Thursday, May 19, 2016

MPP Holmes and MDP Hadorn, Osborne & Tatlow awarded 2016 Judd Fellowships

Announcing the 2016 Judd Fellows!

The 2016 Judd Fellowship has been awarded to 16 master's and professional degree students who will travel around the world to conduct research and fieldwork, complete internships, and take courses to expand their academic and professional experience. This year's cohort also includes a Judd Alumni Fellow, who is funded through the generous support of Judd Fellow alumni and matching funds from Carol and Cliff Stiles.

Congratulations to the 2016 Judd Fellows from the Humphrey School/MDP!

Sixteen graduate and professional degree students were awarded fellowships in 2016 through the Walter H. Judd International Graduate & Professional Fellowships. One Judd Alumni Fellowship was awarded to the highest-ranked fellowship applicant and was made possible by generous support of Judd Fellow alumni.

Sean Hadorn
Humphrey School of Public Affairs**
M.D.P. – Development Practice
Panama
Hadorn will develop concept maps of the eleven constituent programs that comprise Floating Doctors, a non-governmental organizatinon in Panama, and synthesize those maps into a logic model of its business model. These tools will assist and inform future program evaluation by Floating Doctors.

Elise Holmes
Humphrey School of Public Affairs
M.P.P – Advanced Policy Analysis
Panama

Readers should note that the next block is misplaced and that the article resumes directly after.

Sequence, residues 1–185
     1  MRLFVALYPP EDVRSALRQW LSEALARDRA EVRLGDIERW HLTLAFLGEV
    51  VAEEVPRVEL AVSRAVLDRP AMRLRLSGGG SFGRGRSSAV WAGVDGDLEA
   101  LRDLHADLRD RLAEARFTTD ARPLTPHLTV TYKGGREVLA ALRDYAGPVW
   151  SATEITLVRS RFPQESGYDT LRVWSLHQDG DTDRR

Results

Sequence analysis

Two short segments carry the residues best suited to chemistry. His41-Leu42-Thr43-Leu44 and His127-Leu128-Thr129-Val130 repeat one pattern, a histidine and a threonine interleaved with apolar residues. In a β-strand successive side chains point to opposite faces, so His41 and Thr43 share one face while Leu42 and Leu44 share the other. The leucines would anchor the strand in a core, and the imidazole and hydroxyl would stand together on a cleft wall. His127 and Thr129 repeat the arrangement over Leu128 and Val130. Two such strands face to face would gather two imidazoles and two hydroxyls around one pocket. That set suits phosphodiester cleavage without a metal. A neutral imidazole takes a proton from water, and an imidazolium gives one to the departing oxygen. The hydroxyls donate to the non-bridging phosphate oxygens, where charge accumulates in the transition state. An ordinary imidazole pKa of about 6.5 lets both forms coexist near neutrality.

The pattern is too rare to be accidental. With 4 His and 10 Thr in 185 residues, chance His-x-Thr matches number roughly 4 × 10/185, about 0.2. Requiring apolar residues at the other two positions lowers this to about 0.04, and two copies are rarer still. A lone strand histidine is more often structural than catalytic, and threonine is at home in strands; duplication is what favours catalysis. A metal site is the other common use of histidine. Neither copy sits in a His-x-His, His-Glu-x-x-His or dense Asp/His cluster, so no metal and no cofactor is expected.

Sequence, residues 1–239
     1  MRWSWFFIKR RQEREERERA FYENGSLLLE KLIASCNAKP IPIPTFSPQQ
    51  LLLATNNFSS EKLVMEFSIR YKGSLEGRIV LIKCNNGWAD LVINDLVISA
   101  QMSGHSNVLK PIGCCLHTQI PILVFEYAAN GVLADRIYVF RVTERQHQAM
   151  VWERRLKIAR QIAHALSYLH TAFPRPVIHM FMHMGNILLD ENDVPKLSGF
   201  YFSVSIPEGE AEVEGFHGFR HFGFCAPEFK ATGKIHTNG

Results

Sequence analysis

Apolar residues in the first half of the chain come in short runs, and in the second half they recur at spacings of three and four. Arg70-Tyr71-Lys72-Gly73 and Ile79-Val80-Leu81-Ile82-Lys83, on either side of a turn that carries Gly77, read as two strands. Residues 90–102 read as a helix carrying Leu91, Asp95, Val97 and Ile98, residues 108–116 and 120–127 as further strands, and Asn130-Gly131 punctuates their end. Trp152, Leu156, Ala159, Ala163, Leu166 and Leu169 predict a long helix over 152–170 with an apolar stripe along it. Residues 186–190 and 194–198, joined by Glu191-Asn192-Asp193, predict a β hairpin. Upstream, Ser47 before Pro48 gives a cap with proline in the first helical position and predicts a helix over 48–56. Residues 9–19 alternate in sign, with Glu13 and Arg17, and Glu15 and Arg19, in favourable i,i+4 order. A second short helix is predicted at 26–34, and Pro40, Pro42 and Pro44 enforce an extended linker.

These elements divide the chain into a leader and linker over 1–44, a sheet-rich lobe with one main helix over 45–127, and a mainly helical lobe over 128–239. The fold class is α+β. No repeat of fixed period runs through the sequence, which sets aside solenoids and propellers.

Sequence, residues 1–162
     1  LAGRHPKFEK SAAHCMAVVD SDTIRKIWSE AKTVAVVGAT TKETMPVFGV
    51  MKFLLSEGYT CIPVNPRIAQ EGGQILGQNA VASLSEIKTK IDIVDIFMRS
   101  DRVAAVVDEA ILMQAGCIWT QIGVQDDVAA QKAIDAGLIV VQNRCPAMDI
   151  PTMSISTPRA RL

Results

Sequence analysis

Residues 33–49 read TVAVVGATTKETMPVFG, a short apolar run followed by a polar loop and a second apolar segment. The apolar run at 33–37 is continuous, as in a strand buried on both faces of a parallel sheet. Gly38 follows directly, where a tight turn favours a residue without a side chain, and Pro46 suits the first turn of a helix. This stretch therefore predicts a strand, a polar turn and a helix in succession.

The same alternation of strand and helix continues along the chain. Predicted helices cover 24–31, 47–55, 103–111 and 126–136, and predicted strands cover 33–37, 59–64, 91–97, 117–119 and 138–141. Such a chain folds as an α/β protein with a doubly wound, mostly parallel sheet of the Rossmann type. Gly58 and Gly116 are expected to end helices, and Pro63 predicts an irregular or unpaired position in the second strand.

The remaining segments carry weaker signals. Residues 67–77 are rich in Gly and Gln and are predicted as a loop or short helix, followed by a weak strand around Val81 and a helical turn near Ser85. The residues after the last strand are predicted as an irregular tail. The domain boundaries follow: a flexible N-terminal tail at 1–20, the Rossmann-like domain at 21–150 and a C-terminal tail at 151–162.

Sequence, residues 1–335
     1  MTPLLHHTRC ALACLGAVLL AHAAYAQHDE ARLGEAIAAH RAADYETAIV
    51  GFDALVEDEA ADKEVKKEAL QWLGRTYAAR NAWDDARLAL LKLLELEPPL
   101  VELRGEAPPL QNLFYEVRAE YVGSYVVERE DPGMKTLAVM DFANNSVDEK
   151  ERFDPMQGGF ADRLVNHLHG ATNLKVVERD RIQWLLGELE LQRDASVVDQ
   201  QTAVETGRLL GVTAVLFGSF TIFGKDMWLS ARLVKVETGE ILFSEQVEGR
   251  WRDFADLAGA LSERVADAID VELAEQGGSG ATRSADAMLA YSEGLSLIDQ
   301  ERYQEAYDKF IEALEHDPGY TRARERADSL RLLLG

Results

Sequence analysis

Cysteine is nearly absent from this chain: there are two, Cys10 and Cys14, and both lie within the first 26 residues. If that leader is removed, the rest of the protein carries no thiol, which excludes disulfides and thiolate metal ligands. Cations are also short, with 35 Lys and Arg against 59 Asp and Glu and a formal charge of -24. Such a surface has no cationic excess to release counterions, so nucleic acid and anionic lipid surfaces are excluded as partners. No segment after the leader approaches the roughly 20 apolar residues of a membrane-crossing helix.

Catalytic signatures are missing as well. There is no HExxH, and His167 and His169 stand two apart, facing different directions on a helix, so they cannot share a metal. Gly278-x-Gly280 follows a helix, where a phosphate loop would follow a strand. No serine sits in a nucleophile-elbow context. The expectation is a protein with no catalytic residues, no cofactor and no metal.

Floating Doctors is a rapidly growing non-profit healthcare provider in Bocas del Toro, Panama. As part of an external consultant team led by the U of M’s School of Public Health, she will focus her research on a contextual analysis of the healthcare service environment in Panama. Using both quantitative and qualitative data methods, she will map physical, economic, and social barriers to health for local populations. Her final report to Floating Doctors will highlight where strategic efforts for focus or expansion will have the most impact.

Lillian Osborne
Humphrey School of Public Affairs**
M.D.P. — Natural Resource Management
Guatemala
Mayan communities in northern Guatemala traditionally cultivated Maya Nut as a food crop, a practice that is increasingly being promoted due to the food’s nutritional properties and prospect of earning revenue for rural communities. Osborne’s research aims to clarify the environmental impact of Maya Nut harvest and identify and evaluate opportunities to sustainably scale production to generate employment and income for indigenous communities.

Johanna Tatlow
Humphrey School of Public Affairs**
M.D.P. — International Development
Kenya
In collaboration with the International Center for Policy and Conflict, Tatlow will work with a team examining the restructuring of government in Kenya. The team will conduct interviews with local government and non-government stakeholders, and will examine revenue streams and methods of preventing corruption in the newly instated systems.
Project deliverables will include revenue stream mapping, stakeholder mapping, and suggested pilot models for change and transparency.

**The Master of Development Practice is an interdisciplinary program jointly administered by the Humphrey School and the Interdisciplinary Center for the Study of Global Change (ICGC) and spans several academic disciplines across the University of Minnesota.


http://global.umn.edu/funding/judd/index.html#recipients-tab

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